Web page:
Exploring strange new worlds every Wednesday

Go from an orbiting space habitat to a world of demons and telepaths…

Over the past few years, Image as built a reputation as a publisher of solid science fiction and fantasy comics that aren’t part of a multi-media franchise. The most successful of these series is probably Saga, by Brian Vaughn and Fiona Staples, which won the Hugo award for best graphic story last year and is nominated for another one this year. But here are a couple of other titles you might want to check out:

midwaycity

The Fuse, by Antony Johnston and Justin Greenwood, is a clever melding of police procedural and space adventure. It’s set aboard Midway City, a gigantic space habitat (with a population of roughly 500,000) orbiting the Earth. Just as the election for mayor starts to heat up, the police discover that someone is killing homeless people. The case is assigned to veteran detective Klementina Rystovich and her new partner, Ralph Dietrich, a recent émigré from Earth.

It probably won’t surprise you to learn that Rystovich and Dietrich aren’t getting along very well, but they’re sparring is witty and allows for a gradual unveiling of their characters. Rystovich is portrayed as being thin and bone white, but we don’t know yet whether she’s a classic albino or whether there’s some other reason for her condition. Dietrich is declining to talk about why he left Earth, but it’s safe to assume that won’t last.

Johnston and Greenwood seem to have spent a lot of time developing Midway City, but they’re introducing concepts and terms slowly. The homeless are generally known as cablers, because they live inside the service tunnels and air ducts. The Fuse is the most dangerous neighborhood in the habitat. The weapon of choice is called a bouncer, which somehow circumvents the problems of having projectile weapons in a pressurized environment, but it’s not clear yet how that’s accomplished. I’d like to know more about who built Midway City and how it gained its independence, but it seems reasonable to assume that’s coming.

Johnston, the writer, and Greenwood previously worked together on another sf comic, Wasteland. Go here for a taste of what The Fuse looks like.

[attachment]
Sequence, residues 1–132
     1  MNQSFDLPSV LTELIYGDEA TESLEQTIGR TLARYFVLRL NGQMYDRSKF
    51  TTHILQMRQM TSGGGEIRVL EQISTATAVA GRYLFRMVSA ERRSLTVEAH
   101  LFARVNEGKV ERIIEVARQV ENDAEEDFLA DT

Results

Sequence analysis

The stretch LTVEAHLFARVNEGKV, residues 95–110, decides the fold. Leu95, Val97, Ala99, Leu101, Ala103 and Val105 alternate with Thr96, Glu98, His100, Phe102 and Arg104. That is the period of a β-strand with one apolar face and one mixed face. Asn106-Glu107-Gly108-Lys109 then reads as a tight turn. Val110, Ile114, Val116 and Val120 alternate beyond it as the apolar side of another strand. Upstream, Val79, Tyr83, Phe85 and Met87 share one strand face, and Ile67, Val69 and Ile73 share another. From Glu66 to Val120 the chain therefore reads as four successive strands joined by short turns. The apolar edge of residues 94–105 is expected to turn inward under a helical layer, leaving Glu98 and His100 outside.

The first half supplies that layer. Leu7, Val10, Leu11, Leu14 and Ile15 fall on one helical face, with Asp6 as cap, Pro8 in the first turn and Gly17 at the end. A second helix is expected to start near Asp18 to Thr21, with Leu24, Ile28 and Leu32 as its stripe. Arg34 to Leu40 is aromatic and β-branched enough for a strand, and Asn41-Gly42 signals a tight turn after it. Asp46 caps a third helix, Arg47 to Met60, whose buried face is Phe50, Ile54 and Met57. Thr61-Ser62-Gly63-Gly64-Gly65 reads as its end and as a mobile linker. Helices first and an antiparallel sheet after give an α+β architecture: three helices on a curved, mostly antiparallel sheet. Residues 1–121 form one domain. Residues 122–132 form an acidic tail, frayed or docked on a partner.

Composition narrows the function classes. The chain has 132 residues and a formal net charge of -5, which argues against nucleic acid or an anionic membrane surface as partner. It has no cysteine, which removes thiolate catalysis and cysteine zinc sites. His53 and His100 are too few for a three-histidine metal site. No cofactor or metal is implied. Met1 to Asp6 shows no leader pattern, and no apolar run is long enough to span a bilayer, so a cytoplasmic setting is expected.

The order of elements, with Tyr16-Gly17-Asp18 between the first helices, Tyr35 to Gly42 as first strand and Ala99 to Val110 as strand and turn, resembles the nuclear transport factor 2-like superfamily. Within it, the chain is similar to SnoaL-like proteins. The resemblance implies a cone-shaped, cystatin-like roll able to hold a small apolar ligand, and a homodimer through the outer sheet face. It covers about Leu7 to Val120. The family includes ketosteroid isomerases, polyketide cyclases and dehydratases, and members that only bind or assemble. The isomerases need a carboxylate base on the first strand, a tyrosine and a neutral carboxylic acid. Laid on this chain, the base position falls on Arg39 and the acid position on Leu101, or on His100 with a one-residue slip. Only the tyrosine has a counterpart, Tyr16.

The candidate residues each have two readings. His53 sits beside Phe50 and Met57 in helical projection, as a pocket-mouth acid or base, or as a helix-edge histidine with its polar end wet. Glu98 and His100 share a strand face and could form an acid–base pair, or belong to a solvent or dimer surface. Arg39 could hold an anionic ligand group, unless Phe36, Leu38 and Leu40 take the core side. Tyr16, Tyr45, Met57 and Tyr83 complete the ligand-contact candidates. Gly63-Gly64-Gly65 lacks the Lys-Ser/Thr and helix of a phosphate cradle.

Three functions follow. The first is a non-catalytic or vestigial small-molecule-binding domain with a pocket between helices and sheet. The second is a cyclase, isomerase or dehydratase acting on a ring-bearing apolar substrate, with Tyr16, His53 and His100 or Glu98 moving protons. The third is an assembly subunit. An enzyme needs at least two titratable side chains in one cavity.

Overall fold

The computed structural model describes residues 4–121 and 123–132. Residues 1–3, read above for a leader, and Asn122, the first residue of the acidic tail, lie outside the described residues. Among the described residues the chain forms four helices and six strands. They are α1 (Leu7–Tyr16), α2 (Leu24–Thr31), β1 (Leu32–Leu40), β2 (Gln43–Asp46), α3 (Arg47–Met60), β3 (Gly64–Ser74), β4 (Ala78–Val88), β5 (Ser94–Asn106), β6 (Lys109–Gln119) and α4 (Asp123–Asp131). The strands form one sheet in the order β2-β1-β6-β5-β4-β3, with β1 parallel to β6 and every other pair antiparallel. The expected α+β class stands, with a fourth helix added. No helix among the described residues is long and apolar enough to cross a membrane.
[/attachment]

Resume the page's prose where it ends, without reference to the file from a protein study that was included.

sovereignone 001

The world-building is also one of the main attractions to Sovereign, an ambitious high fantasy comic by Chris Roberson and Paul Maybury. This comic follows three seemingly unrelated groups in the kingdom of Khend, as they head towards whats bound to be an explosive intersection. One group consists of the three heirs to the Khendish throne. Another group is made up a scholar and telepath from a distant land. The third group—and my favorite—is part of a combination guild/ religious sect called the Luminari.

The Luminari are both morticians and demon fighters. They oversee burials to make sure that the recently departed are not taken over by an other-dimensional threat called the Unnamed. As you might imagine, all this requires a fair amount of exposition and Roberson has been providing both in the comic pages and in text back-up features.   This seems more logical when you know Roberson has a background in both writing prose fiction and comics. His novels include Paragaea and Further: Beyond the Threshold. His comic book credits include The Shadow, Doc Savage and I, Zombie.

A couple of observations about the art in both of these comics. Both Greenwood and Maybury’s art is looser and funkier than I expected. But the art works. Both artists can do wide-screen, establishing shots, when the story calls for it. In addition, both comics reflect the graphic style of another prominent Image creator, Jonathan Hickman. Some of the covers for The Fuse—like the one on the home page of this site—rely heavily on the logo, rather than illustrations. And Sovereign features full-page chapter breaks, with relevant quotes from the characters.

MEANWHILE: I’m pleased to report that Robotech/Voltron #3 is now at your Local Comics Shop. I’ll be scripting issues three, four and five of this five-issue limited series, working from a story by Tommy Yune. Elmer Damaso and the Digital Art Chefs team are providing the art. (I will be scripting issue four, BTW, even though my name wasn’t listed in the credits in Previews.) Naturally, we hope you picked up issues one and two but i think the story is still clear if you start with this issue.

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